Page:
In this enthralling, heartrending sequel to Reign of the Fallen, Odessa faces the fight of her life as the boundaries between the Dead and the living are challenged in a way more gruesome than ever before.

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*I received a copy of this book from the publisher in exchange for an honest review*

This is a spoiler-free review, however, it may contain spoilers for the previous novel, Reign of the Fallen.

Song of the Dead was one of my most anticipated books of the year and it definitely did not disappoint. I read the first novel in this series at the beginning of last year and I was pleasantly surprised by how much I adored it—though fantasy is by far my favorite genre, certain aspects of the story are a bit out of my usual comfort zone. However, I was hooked right from the start and fell in love with every aspect. It proved to be incredibly refreshing in a genre that can sometimes get to be a bit repetitive, and it truly distinguished itself from the rest. These books are such addicting reads.

This sequel continued to be more of the same and Marsh constantly impressed me with her talent and creativity. It is a journey both physically and emotionally and it carried the reader right along with it. The themes of strength and courage, sadness and resilience, and the tremendous power of love run through this narrative once again. From the beautifully detailed world to the extremely lovable and diverse cast of characters, it is a tale that is equal parts heartbreaking and heartwarming and is sure to stick with you well after turning the final page.

Returning to this world was such a joy and getting to see these characters and their relationships continue to evolve from the last novel was great. So much more dimension is added to an already multifaceted plot. We reconnect with the familiar, but the plot is entirely new and absorbing. Every moment is full of a certain magic with darker and more sinister undercurrents woven throughout. Marsh’s interpretation of necromancy is unique in many ways, which only adds to the intrigue of the narrative. And of course, the animal companions—by far one of the best parts of the story!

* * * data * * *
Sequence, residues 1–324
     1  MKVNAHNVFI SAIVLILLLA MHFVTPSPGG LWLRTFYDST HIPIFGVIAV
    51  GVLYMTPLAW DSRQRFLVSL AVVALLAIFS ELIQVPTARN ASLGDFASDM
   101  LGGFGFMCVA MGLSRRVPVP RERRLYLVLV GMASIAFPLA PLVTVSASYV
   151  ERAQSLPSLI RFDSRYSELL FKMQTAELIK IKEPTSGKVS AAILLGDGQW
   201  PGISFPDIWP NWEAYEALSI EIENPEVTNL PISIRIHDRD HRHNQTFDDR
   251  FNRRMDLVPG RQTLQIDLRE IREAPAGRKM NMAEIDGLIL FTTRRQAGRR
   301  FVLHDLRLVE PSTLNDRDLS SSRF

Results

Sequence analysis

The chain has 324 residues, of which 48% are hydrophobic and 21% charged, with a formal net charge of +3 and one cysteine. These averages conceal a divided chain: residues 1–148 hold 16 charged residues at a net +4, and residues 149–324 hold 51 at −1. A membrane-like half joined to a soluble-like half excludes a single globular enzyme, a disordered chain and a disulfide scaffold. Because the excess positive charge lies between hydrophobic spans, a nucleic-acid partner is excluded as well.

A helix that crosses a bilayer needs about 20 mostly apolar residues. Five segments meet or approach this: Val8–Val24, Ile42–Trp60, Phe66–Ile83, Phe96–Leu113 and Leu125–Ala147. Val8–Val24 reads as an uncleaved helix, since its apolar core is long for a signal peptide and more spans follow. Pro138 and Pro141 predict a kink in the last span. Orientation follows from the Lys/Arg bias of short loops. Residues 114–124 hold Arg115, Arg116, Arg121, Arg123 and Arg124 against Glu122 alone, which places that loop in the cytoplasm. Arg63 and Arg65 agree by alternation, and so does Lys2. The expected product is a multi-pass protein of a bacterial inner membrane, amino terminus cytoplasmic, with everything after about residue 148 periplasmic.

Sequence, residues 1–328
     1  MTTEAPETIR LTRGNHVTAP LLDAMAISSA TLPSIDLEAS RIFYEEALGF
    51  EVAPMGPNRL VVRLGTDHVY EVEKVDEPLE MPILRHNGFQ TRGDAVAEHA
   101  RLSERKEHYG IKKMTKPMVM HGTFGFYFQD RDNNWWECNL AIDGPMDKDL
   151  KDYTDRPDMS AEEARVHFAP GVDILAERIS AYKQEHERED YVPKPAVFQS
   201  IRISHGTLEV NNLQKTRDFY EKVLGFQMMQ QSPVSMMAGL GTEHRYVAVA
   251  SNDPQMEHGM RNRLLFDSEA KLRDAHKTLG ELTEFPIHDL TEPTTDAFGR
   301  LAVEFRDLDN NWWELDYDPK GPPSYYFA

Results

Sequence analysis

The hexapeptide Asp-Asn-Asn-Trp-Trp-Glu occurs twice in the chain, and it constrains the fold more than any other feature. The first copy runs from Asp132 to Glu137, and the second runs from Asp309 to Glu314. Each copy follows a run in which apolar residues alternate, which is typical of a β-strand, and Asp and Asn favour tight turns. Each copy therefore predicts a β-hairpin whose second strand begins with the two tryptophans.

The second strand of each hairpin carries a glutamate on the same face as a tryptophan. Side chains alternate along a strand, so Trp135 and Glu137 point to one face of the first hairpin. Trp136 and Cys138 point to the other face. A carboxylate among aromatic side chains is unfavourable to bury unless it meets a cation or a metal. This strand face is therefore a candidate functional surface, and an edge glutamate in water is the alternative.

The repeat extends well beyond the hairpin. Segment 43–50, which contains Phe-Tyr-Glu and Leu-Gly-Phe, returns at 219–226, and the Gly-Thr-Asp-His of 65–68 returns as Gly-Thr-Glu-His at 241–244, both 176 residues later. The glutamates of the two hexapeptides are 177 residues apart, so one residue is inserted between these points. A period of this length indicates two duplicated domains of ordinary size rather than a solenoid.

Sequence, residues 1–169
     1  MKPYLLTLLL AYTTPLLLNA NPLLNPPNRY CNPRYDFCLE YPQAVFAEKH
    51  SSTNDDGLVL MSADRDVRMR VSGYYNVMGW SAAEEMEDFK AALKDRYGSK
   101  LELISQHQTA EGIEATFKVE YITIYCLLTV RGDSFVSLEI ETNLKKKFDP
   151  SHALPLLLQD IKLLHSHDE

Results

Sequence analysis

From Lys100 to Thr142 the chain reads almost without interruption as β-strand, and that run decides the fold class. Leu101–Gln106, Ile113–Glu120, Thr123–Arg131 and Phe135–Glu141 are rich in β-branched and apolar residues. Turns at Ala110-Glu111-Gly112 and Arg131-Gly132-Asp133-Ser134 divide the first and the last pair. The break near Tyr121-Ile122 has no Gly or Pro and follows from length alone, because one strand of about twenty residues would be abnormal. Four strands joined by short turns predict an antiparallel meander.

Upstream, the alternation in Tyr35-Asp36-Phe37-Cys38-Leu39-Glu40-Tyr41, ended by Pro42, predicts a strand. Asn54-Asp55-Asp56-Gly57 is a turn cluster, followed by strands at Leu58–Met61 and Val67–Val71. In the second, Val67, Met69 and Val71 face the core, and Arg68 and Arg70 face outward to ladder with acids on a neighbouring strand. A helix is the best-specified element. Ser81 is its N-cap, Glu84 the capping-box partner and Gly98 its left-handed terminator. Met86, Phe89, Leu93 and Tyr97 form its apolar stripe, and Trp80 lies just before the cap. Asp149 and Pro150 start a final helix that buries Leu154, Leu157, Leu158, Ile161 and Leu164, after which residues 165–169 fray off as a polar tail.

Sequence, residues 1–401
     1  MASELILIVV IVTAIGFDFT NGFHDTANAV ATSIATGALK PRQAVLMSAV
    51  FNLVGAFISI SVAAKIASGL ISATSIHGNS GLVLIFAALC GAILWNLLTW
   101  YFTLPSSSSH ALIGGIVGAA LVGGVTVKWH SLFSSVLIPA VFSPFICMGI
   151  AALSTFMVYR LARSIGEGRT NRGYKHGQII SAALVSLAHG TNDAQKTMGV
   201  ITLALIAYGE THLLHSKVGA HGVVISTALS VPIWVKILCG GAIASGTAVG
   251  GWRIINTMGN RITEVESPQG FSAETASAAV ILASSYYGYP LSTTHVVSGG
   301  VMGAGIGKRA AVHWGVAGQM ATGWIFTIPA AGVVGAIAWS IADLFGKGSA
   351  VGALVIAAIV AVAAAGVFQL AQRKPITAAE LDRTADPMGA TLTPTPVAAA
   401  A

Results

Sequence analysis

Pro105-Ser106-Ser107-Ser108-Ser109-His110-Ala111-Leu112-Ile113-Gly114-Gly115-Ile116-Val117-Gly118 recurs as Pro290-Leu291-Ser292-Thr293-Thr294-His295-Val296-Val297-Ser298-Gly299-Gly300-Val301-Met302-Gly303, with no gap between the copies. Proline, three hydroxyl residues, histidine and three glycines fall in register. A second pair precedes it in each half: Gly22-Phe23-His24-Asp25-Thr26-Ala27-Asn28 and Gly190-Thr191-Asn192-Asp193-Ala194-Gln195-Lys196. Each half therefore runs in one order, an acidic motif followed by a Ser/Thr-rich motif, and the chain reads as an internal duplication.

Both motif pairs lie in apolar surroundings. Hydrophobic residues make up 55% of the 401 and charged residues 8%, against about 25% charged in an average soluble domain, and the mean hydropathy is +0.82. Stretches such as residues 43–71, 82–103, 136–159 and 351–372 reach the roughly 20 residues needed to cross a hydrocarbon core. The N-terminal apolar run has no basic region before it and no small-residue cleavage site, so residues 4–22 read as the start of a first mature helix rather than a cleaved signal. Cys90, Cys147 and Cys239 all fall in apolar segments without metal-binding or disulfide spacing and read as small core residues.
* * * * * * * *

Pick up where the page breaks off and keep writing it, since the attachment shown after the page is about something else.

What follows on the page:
Again, the characters ended up being my favorite part of the novel. Marsh approaches diversity in the best way. There is a great deal of representation—particularly LGBT representation—and it makes this novel a fantastic addition to the ever-expanding collection of literature involving these important topics. These elements are not dwelled on or magnified in a way that draws a huge amount of attention. The characters just are who they are, no matter their gender, race, or sexuality. And, as they should be, their differences are completely natural and accepted, both by each other and the reader.

Odessa is an even stronger heroine than in the previous installment and her growth as a character is huge. We see her confronting the painful events in her life, learning and maturing. Her strengths, as well as her flaws, are clearly depicted, which in turn causes her to become an even more multi-dimensional character who is easy to understand and connect with. In fact, this is true of every character. Marsh devotes plenty of time and effort to fleshing them out, making them and their stories incredibly compelling. The romance between Odessa and Meredy begins to really play out and I felt it was executed well—I enjoyed it, and that’s not something I say very often! I thought I would never love anyone quite as much as Evander, who will always be one of my biggest book crushes, but I ended up liking where things went.

Overall, I absolutely love Marsh’s writing and she has quickly become one of my favorite authors. She is always so descriptive and vivid, pulling you into the unique world she has created and building it up around you. Her storytelling style is action-packed and fast-paced but never lacking in detail. She is also an absolute master at creating realistic and relatable characters. I will genuinely read anything and everything she writes. Part of me hates to see this series end, but it concluded in an extremely satisfying way. Once again, my reading coincided with some experiences of great loss in my personal life and again it turned out to be very cathartic, the themes of hurting and healing being especially relatable. This story and these characters will stay with me for a very long time.

4.5 TARDISes

Author Bio:

sarahglennmarshSarah Glenn Marsh has been an avid fantasy reader from the day her dad handed her a copy of The Hobbit and promised it would change her life; she’s been making up words and worlds ever since. When she’s not writing, Sarah enjoys painting, ghost hunting, traveling, and all things nerdy.

She lives in Richmond, Virginia, with her husband and their menagerie: four rescued greyhounds, a bird, and many fish. She is the author of Fear the Drowning Deep and Reign of the Fallen.

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An Interview with Author Amy Rose Capetta